Now, I picked up my Google Pixel 2 XL at a bargain price. Carphone Warehouse had knocked off a good £170 off the RRP, so I decided to go with them. I also bought a Google Home Mini to replace the Apple Homepod. I’ve got to say, Google has absolutely nailed it with the home assistant. Not only is she responsive, but the response is natural and quick. For example, when I ask how best to get to Woking, she tells me the correct bus number to take, when the next bus is, and the nearest stop. And as it integrates with various smart related technologies around the home, it Just Works(TM). I always found the Apple HomeKit system to be far too overly complex to operate. The UI is a mess, and Siri has to think about things before responding.
The Pixel 2 XL itself is great. The images it takes are the sharpest of any smartphone I’ve ever used, and even some compact cameras.
The device is larger than the iPhone X, and also offers a greater number of app icons to be shown on screen at once. All apps I’ve had on the iPhone are available under Android. It took about 2 hours to transfer everything and set-up the phone as new (never trusted these transfer processes). Instead of Apple Pay, there is now Google Pay. Again, same support from the banks and credit card companies.
Gone is Face ID and replaced with a fingerprint scanner again. This time around the back. Its placement feels natural enough and makes looking at the phone at 3am in the morning much easier than trying to get Face ID to recognise you with your face against the pillow.
Another change Apple made without telling anybody is Wi-Fi calling. Thanks to the hoo-hah over batterygate and Apple slowing down older phones whose battery is wearing out, they made a change to Wi-Fi Calling which meant that Wi-Fi Calling on iPhones will use cellular if it’s strong enough and fallback to Wi-Fi Calling if not. There is no way of overriding this. On the Google Pixel 2 XL, this works full time if you’re connected to a Wi-Fi network regardless of cellular signal strength and you enable Wi-Fi Calling.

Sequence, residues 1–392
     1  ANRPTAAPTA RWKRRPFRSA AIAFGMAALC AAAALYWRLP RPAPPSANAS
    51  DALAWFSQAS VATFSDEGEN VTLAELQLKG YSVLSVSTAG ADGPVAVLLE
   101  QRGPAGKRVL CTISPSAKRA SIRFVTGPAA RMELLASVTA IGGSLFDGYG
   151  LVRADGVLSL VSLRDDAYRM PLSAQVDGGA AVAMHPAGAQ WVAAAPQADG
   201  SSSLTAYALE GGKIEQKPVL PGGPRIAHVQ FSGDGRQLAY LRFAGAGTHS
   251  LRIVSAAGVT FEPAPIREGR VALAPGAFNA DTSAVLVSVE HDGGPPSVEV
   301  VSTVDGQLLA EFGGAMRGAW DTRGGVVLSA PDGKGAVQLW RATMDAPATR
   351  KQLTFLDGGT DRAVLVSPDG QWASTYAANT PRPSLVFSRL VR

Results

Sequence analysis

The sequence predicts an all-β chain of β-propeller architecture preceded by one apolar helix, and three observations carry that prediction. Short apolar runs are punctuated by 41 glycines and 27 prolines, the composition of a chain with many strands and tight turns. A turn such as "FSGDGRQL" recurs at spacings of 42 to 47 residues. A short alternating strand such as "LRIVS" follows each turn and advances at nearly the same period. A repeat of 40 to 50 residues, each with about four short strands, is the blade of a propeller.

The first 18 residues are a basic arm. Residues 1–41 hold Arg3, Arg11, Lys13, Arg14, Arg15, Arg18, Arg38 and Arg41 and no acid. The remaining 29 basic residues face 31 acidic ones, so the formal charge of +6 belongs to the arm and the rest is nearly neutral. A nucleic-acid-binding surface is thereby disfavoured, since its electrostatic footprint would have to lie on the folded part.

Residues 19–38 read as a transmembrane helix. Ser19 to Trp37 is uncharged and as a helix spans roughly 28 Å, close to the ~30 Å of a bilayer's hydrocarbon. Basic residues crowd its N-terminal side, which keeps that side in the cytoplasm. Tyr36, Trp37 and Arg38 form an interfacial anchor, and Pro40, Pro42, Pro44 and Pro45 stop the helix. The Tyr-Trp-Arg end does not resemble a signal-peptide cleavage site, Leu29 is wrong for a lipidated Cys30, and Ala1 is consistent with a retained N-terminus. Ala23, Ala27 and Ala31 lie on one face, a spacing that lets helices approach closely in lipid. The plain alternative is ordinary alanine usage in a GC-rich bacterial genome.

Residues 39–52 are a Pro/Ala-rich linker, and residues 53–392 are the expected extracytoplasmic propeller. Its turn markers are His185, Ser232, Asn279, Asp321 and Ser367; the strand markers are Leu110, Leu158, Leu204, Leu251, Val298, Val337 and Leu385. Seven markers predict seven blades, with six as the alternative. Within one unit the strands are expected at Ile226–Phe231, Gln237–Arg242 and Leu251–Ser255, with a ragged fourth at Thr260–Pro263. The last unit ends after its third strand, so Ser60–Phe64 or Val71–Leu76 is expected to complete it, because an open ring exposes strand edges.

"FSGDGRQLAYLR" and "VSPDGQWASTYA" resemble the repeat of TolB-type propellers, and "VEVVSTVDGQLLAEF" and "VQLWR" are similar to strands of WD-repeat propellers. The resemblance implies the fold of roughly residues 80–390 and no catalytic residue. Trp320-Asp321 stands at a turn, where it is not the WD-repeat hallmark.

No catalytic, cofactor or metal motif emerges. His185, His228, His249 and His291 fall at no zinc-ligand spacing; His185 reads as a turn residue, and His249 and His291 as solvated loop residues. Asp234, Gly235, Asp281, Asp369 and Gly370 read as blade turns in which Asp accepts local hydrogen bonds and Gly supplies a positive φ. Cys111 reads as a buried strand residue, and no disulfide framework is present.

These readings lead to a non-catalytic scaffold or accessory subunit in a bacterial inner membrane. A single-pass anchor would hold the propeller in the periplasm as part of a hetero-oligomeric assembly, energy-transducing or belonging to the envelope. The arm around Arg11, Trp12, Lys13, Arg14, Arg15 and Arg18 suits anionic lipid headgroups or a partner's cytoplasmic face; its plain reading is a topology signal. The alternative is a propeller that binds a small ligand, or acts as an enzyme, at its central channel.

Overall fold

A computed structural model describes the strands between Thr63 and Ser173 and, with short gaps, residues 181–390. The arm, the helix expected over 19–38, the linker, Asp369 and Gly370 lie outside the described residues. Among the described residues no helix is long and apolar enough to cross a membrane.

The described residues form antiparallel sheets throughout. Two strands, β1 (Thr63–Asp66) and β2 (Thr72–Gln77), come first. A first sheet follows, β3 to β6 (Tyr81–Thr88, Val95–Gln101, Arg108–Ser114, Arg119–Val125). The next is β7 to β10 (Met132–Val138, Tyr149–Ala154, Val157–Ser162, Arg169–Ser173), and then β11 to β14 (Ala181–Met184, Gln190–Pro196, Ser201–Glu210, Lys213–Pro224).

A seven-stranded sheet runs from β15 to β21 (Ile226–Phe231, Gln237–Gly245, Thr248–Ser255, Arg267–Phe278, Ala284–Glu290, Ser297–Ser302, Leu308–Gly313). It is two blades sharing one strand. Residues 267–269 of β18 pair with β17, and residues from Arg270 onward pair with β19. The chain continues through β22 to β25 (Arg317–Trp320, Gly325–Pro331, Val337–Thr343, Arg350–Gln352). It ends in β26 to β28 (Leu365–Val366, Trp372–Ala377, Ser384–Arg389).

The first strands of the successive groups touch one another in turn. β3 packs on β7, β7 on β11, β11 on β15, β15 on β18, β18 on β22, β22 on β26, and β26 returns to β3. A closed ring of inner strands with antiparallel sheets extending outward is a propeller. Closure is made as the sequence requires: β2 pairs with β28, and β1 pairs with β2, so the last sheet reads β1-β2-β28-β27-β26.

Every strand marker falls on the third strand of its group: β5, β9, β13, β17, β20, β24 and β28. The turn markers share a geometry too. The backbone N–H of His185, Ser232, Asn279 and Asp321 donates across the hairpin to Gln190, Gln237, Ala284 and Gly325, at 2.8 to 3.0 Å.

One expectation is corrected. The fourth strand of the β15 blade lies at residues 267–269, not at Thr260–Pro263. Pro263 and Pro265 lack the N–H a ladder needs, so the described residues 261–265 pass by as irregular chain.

But what about the Apple Watch? I’ve replaced it with a Fitbit Versa. This looks to be a device formed from the assimilation of the Pebble watch team. It’s a lightweight watch that incorporates the usual fitness tracking. But it works with both Android and iOS, and unlike the Apple Watch has a battery life of up to 4 days between charges. So far it’s been great – though the Fitbit app is rather confusing. The GPS connection warning started up immediately even though I wasn’t exercising, and I couldn’t figure it out, though it seems that it has something to do with the Always Connected versus All-Day Sync option.
The Fitbit Versa’s wrist straps are relatively straight forward to change. I had to swap out the smaller strap for the included larger one, but to do this requires fiddling about with pins in the straps. I managed to cause my fingernails to bleed when applying pressure to the pin heads.
Last weekend I went to the local Odeon – the one where I had a lot of fun collecting tickets from an online booking for Star Wars: The Last Jedi.
While I initially booked The Shape of Water without any difficulty, I decided, while I was having a coffee at Costa coffee at Guildford station, to book to see the much-hyped Black Panther afterwards. I got my phone out and attempted to make the booking, except, well, I’ll let the screenshots speak for themselves:
So I tried again. ALAS!
So I made my merry way across the road and across the river, muttering under my breath how much the quality assurance of modern technology drives me insane, and went up to the box office, which – being Saturday – was open.